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Diabetes, if not successfully controlled, can cause an eye disease called retinopathy that damages the blood vessels in the retina. According to Dr. Josef, "National Diabetes Month is a good time for the 26 million Americans living with diabetes, and the 79 million who have prediabetes, to learn about diabetic retinopathy, and how to avoid it or treat it."
People with both type 1 and type 2 diabetes are at risk for retinopathy. Between 40 to 45 percent of Americans diagnosed with diabetes have some form of diabetic retinopathy.
How Retinopathy Develops
The retina is the light-sensitive tissue in the back of the eye, which is necessary for good vision. A person with diabetic retinopathy generally experiences damage to the retina in both eyes.
As retinopathy first develops, small areas of balloon-like swelling in the retina's tiny blood vessels appear. Some blood vessels that feed the retina are blocked, depriving it of crucial blood supply. As the condition advances, new blood vessels grow in response to the need for nourishment. These new blood vessels are fragile. If they leak blood, the result can be severe vision loss or even blindness.
Prevention, Diagnosis and Treatment
If you have diabetes, the best way to prevent the damage caused retinopathy is to control your blood sugar levels. Take your prescribed medication, follow the diet your doctor has recommended, exercise regularly, and avoid smoking and drinking alcohol.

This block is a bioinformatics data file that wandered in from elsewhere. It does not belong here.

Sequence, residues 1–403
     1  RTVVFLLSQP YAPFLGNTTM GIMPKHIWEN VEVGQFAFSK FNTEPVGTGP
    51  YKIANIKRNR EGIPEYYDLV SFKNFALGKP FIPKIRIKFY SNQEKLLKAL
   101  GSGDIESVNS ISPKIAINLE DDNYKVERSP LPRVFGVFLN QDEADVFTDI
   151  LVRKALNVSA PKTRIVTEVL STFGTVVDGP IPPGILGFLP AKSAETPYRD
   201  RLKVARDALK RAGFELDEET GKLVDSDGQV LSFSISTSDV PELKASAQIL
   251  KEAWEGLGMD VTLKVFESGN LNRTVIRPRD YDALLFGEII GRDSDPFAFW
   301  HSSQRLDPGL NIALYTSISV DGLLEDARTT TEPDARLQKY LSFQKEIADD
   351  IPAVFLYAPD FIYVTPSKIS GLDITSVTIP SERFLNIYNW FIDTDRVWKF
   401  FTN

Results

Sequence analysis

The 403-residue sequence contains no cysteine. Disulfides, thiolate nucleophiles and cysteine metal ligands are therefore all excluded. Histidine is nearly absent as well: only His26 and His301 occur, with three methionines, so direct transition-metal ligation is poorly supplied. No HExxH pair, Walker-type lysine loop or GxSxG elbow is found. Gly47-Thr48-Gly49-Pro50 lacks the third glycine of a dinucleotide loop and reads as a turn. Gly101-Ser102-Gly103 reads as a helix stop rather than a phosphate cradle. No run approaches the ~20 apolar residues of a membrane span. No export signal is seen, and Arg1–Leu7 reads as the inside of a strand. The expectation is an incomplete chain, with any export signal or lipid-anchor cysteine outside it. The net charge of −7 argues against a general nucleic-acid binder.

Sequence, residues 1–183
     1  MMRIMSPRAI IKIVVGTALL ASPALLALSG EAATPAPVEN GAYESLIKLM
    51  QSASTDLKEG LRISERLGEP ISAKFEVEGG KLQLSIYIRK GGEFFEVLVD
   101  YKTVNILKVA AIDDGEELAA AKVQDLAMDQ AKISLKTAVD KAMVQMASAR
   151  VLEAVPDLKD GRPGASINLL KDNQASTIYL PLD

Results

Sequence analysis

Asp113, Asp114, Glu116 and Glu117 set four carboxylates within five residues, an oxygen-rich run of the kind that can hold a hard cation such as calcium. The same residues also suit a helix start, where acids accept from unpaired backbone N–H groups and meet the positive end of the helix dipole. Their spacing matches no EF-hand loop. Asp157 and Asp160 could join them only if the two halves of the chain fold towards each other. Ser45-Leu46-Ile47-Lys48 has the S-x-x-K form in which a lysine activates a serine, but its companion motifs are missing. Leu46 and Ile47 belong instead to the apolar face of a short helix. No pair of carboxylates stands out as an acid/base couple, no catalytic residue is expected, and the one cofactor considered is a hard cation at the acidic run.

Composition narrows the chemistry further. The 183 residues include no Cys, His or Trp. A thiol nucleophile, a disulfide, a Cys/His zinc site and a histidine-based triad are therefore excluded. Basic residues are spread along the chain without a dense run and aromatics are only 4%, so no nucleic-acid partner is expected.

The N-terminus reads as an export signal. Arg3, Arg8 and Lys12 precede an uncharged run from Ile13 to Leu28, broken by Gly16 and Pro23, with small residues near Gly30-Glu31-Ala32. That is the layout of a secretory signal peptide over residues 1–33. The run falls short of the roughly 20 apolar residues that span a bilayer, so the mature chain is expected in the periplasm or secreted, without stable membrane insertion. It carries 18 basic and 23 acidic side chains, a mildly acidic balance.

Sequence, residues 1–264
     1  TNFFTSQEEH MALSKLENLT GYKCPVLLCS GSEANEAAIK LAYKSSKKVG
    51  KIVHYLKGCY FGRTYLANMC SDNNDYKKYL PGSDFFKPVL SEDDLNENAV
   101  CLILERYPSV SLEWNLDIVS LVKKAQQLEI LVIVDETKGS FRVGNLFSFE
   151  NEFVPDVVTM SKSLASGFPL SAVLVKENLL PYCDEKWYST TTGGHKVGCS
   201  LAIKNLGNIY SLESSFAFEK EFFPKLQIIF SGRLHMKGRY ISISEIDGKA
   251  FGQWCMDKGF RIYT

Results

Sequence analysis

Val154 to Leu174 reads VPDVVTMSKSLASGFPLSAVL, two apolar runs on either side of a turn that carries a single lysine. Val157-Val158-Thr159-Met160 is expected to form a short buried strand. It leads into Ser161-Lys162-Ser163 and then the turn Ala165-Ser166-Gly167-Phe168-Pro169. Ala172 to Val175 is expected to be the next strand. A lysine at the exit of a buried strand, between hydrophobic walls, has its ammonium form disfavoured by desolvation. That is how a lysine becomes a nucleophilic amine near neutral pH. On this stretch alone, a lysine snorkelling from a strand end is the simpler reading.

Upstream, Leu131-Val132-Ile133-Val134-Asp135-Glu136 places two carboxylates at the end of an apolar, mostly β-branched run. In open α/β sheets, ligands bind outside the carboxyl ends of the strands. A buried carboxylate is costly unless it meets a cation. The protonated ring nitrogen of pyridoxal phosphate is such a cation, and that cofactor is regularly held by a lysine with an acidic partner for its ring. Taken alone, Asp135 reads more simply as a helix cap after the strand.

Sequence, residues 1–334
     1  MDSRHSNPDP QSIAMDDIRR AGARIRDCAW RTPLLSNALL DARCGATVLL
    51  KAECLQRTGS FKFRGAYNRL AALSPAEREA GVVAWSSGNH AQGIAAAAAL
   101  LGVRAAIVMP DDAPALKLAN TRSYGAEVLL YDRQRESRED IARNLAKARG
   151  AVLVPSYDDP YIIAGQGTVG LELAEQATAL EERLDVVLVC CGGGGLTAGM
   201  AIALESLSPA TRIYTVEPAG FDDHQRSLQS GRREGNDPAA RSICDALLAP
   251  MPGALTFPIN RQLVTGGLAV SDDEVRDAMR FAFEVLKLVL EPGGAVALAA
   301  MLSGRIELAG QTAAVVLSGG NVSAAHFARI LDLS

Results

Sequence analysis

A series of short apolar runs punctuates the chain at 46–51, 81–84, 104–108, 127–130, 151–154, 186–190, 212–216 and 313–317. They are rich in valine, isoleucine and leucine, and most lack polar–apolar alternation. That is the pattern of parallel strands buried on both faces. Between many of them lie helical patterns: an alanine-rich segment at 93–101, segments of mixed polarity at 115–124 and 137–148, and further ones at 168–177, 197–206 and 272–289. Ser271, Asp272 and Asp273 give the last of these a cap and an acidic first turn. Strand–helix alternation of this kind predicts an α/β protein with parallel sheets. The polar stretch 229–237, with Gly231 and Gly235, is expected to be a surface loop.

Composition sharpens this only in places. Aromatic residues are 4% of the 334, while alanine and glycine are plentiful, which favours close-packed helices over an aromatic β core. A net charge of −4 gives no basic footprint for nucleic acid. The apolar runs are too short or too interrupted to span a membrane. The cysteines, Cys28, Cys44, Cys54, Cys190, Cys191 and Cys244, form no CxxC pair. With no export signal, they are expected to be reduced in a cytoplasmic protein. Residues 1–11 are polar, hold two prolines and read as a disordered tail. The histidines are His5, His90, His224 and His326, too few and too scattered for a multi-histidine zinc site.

To make sure you are not developing diabetic retinopathy, or to catch it early if you are so you can begin treatment, you need a comprehensive dilated eye exam at least once a year. Don't wait until you have symptoms, such as blurred vision or specks of blood "floating" in your vision.
Treatment depends on how advanced the eye damage is. Early stages may be simply monitored without treatment. If your eye doctor detects growth of new blood vessels in the eye, called proliferative retinopathy, you may be advised to have a type of laser surgery called scatter laser treatment to help shrink the abnormal blood vessels. Over the course of several treatments, the doctor places many tiny laser burns in the retina, which causes the vessels to shrink. The treatment is most effective when it is done before the new blood vessels have begun to bleed. The surgery may still be effective even if bleeding has begun, depending on how advanced the retinopathy has become.
If you have suffered vision loss from diabetic retinopathy, your doctor may prescribe a special low-vision device to help you make the most of your remaining vision.
To keep your eyes healthy, don't miss your diabetes-related appointments, and see your eye doctor. Finding and treating the eye disease early, before it causes vision loss or blindness, is the best way to control eye disease in people with diabetes.
Article adapted by Medical News Today from original press release. Click 'references' tab above for source.
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